Spotlight On Open Books Bookstore: Prison Book Project
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Spotlight On Open Books Bookstore: Prison Book Project


Spotlight On Open Books Bookstore: Prison Book Project
Courtesy of Josh Carlson Photography

68% of inmates return to prison within three years of being released, according to the Bureau of Justice Statistics. Many of these repeat offenders lack the education or skills needed to effectively integrate back into society.

One local bookstore is determined to help inmates reach their fullest potential while behind bars; which is why this week the spotlight is on Open Books Bookstore and Prison Book Project.

This non-profit organization, located at 1040 N. Guillemard Street in Pensacola, is completely operated by volunteers. Open 7 days a week from 12-5 p.m., the bookstore also houses the Prison Book Project; sending thousands of donated books to prisoners within the Florida prison system.

“I think something that a lot of people don’t really think of when they think of … prisoners in general, is that almost all of them are going back to the community,” explained Open Books co-founder Scott Satterwhite.

The goal of the Prison Book Project is to provide inmates with personal and educational reading material in order to “help reduce the likelihood of their returning to the prison system.” Volunteers help run the store front and assist with a weekly book packing night from 6-8 p.m. on Wednesday evenings.

Johnny Ardis, a volunteer with the project for nearly 8 years, said that in addition to the volunteers, “We have a loyal following in the community that donates books and money to us to keep the organization functioning.”

Although Open Books receives a variety of new and used books, the selection can be limited; however, requests are filled no matter what. Occasionally, special orders can be made to accommodate specific requests- when funds are available.

Interestingly, journals and blank compositions books are most popular among female inmates while Fantasy books seem to be preferred by male prisoners. In general, dictionaries, crossword puzzles, books on religion, philosophy, and foreign languages are among the most requested items.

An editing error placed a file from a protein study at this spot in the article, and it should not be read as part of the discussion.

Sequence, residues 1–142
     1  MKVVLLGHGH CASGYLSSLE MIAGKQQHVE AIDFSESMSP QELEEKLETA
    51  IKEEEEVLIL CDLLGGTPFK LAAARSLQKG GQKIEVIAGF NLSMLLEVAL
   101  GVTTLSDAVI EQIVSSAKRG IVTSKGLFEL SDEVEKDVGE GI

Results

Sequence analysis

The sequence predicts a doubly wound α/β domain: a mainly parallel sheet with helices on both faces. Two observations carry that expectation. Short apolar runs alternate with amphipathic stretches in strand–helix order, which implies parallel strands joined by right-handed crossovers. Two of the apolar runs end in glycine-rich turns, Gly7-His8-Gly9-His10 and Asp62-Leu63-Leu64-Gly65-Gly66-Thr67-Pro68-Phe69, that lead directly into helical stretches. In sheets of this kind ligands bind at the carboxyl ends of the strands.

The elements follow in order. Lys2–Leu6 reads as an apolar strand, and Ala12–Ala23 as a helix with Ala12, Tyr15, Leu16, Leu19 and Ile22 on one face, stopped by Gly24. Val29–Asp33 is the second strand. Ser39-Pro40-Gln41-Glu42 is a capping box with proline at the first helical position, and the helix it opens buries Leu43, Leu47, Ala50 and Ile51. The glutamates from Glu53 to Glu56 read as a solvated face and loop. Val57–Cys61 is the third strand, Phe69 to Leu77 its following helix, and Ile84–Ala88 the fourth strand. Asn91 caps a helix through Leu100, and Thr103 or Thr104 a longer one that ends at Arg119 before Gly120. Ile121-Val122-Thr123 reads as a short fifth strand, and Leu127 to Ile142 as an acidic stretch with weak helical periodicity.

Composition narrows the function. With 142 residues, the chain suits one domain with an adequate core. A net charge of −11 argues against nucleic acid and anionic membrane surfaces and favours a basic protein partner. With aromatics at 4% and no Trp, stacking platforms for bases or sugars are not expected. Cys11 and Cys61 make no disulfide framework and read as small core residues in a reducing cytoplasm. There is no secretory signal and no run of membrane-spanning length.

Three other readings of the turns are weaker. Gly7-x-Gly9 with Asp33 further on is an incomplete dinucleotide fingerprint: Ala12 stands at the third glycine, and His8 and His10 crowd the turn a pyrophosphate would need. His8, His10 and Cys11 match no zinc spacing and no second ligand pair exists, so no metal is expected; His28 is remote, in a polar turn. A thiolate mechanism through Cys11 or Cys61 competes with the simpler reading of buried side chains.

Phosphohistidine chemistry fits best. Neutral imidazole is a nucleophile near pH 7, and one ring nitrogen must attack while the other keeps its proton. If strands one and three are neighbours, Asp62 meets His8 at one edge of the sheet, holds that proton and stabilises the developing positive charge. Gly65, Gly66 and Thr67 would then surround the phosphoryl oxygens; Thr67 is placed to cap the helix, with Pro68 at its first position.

What type of books are they lacking in donation? “Books on learning trades and work skills are our biggest need right now,” said Ardis. G.E.D. (General Education Development) books are also regularly requested but hard to come by.

Prison libraries could be a great resource for inmates to learn a trade or skill while incarcerated but many of these services are severely underfunded. Compounding the issue, prison policy prohibits friends or family members from sending books to inmates; prisoners may only receive books from a bookstore.

Originally, the Prison Book Project was based out of Subterranean Books, formerly downtown, until 2007 when they closed down. In October of that same year, Open Books Bookstore was established on the west side of Pensacola to continue the project. Open Books relocated in 2012 to the current Long Hollow Neighborhood storefront, next door to First City Arts Center.

Each prison has its own policy on book limitations; usually around 4 books per inmate. At this time, Open Books can typically accommodate 2-3 books per order. Additionally, a National Prisoner Resource List that includes information about other book organizations can be provided upon request. This way prisoners can utilize various groups and receive books more frequently.

As a non-profit organization, obstacles are to be expected. “Our biggest challenge is having enough funds to mail all of the books that are requested,” Ardis said. Open Books website boasts processing “150 inmate book requests at a cost of $525 for mailing” each month. While operating cost total “around $800 – $1,000/month.